The most unlikely-named beat 'em up ever is finally ready. So we got a most unlikely-named journalist to check it out. Alan Dykes puts on his plastic Spock ears and gets fighting.
Beautiful, colourful or cute things can often be the most dangerous - they can lull you into a false sense of security and then striking out when least expected, stunning you like a rocket-charged python, Ellmania is such a thing. Who would have thought, after Streetfighter 2, Body Blows and Mortal Kombat, that what's basically a bunch of fighting fairies would inspire an office into aggressive bouts of one-on-one fisticuffs and high-pitched screaming.
I had my doubts when I first saw it. What are all these coins doing bouncing around the screen, eh? And what about those little bits of treasure? I mean, things don't happen like this on the street! However, once the action really started, I was hooked.
For one or two players, Elfmania is 'set' in the mythical land of Muhmulandia, a land of elves. The challenge is to be crowned king of the elves and to do so you have to defeat the current king. Muhmulandia is divided up into 36 counties and you need to (rather undemocraticaily I have to say) defeat fighters from only six consecutive counties to win the crown. But it's not as simple as it sounds.
In single-player mode you start off with cash in the form coins which buy the services of fighters. More experienced ones cost more dosh, so at the beginning you can only choose between one of three characters, who cost $75 each. Beating the hell out of each enemy (in a very nice elf-like fashion, of course) gives you more coins, allowing you to hire tougher fighters for later bouts. Starting at any point on the introductory map you fight either vertically or horizontally in a straight line until you are beaten, then, because you need six counties in a row to beat the king, you'll need to change direction. Until you're beaten again of course. (If this is difficult to get a grip of check out the map screen.)
In two-player mode you can have a quick flick through the fighters and, well, I never knew that elves had such a varied racial culture. There's a sumo wrestling Japanelf, a vicious and con- temptible sword wielding Turkelf and a king equipped with a fiendishly destructive mallet. These three constitute the toughest enemies, but because everyone is yours for a price, if you win enough bouts, you can hire these blighters later on in the game.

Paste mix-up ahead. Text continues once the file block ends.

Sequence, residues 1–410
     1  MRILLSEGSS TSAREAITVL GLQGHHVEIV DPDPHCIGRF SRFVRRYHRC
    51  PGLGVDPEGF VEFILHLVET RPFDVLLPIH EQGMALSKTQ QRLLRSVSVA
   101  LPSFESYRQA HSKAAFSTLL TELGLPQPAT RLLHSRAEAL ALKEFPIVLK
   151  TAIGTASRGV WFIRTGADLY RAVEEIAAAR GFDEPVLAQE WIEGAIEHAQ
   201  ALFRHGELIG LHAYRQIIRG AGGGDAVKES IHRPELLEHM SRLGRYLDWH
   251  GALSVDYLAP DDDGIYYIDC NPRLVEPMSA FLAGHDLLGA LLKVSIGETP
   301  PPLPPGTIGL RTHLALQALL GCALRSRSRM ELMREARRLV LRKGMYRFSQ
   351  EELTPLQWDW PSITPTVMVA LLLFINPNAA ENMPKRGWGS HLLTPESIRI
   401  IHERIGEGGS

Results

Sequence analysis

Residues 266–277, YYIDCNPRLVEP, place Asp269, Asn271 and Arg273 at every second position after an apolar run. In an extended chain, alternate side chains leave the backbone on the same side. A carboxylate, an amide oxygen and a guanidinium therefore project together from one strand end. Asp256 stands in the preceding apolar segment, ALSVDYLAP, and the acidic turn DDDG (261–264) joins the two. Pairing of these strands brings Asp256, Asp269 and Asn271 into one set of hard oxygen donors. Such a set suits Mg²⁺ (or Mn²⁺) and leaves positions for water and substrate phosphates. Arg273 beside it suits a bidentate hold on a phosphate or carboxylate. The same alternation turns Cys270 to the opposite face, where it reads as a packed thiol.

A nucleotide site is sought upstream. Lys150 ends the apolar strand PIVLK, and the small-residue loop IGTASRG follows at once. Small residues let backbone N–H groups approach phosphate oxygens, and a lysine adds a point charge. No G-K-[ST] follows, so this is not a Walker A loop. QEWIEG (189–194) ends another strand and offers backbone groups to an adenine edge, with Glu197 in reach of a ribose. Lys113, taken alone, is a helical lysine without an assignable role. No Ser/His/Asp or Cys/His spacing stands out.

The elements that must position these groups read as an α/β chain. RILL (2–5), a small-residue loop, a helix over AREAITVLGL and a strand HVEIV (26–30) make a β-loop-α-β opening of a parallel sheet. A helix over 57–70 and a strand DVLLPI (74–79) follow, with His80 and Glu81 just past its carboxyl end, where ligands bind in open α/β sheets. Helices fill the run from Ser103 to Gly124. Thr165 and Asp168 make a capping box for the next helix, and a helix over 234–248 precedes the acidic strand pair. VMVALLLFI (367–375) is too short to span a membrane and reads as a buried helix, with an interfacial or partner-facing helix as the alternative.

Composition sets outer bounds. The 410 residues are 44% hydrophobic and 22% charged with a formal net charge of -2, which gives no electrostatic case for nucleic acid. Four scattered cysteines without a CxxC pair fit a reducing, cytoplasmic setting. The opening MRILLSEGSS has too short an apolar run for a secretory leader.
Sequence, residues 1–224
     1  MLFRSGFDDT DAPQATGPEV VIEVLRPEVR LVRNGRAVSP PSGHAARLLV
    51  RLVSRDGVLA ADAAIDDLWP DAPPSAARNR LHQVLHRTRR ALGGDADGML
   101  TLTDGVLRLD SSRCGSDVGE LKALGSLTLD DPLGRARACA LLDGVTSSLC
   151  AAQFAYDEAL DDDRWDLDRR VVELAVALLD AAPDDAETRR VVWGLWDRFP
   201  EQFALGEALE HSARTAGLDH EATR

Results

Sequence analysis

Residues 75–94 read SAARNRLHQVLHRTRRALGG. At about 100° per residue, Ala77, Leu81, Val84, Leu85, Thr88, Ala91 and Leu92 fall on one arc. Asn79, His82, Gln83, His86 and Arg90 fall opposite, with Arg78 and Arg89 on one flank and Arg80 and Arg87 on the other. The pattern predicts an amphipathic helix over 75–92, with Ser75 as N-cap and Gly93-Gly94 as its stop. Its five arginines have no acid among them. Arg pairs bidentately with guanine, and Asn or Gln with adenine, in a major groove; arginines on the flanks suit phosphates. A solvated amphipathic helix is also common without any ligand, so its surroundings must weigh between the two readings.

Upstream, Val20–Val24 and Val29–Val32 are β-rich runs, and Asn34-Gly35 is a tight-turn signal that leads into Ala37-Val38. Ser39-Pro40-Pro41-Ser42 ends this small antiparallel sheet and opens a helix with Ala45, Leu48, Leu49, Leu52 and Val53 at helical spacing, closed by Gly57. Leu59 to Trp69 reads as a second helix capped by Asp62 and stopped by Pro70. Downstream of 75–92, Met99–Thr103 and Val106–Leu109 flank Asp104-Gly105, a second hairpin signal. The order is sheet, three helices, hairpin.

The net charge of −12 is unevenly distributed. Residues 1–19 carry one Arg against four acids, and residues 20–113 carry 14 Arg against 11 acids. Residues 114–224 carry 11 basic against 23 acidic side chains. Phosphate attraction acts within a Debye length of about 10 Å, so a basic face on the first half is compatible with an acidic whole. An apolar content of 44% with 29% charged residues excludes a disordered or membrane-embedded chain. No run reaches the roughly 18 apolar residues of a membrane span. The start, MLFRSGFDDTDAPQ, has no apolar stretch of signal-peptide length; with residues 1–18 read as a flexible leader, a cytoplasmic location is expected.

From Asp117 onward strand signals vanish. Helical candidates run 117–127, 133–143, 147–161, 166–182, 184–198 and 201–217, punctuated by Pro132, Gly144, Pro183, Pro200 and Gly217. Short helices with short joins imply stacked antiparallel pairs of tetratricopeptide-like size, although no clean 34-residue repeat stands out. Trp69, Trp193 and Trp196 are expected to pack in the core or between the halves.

This last function is useful because although the initial three fighters will see you through the first round or two, you'll get nowhere with them later on, thus it's a good idea to move around a bit on the map and win as many fights as possible against weaker opponents, gaining cash in the process, and hiring a more advanced fighter before you move onto the next county in your line of conquest. Fighters' strengths are indicated by stars and, of course, by their price tag. Remember, if you're crap enough to lose all your coins (by having the stuffing kicked out of you) then you lose the game.
If all of this sounds unnecessarily complicated, then I'm sure Terramarque will be delighted -Elfmania isn't intended to be just another mindless beat-'em-all-in-the-correct-order game, it involves working out a strategy to win, watching your cash flow and generally being a sharp-witted geezer.
There are no complicated, hidden moves. The standard ones - punching, kicking, stabbing, defending and a host of others (including one of the sumo's that could be best described as 'bumming') are easy to execute, and although each fighter has a special spinning move it doesn't involve amazing feats of joystick jugglery to complete. The coins which are dropped by each fighter when hit add an extra dimension to gameplay. After you've walloped someone, step back, hit their cash and it'll earn you extra points while damaging them even more.
Another welcome addition to the game is its artificial intelligence system. Some players (I'm not mentioning names, but you're bound to know one) tend to find a single move which works consistently. We all know the type: they find out how to make Blanka spin every time they even look at the joystick and so win almost every game. Elfmania has been designed to outsmart to this sort of japery, so tough luck sad single-move players, your time of reckoning has arrived.
But what would all of this be if the blasted thing didn't look and move in a top-class manner. Not only does Elfmania win hands down in the colourful and clear graphics stakes, it also kicks ass in the scrolling department. Example: the fighting area is about two screens wide, so what happens when one of the elven pugilists runs for cover? Does the game go into shake-ooops-disk access-ah-that's-better mode? No! And I mean that emphatically. You can follow him or her immediately and with a minimum of fuss.
The sound is excellent too. Running it through a monitor was okay, but you really do get some nice stereo effects and the full benefit of the music if you link it up to a more powerful stereo system. All of which leads me to believe that, despite its cutesy appearance, Elfmania has won its own six fights, is about to collect a wagon load of real coins of the realm and become king of Amiga beat 'em ups.
Okay, a cute beat 'em up might sound perverse but Elfmania has managed to prove two things: 1) Consoles are not the only place you can find decent beat 'em ups; 2) You don't have to rip anyone's head off, have blood spouting everywhere and have special moves that are about as easy to execute as an American mass murderer to produce a top class, strategic and fun game. Very well done.
Ultimate fantasy beat 'em up game, with funny and nice characters, many beautiful levels and exciting music.
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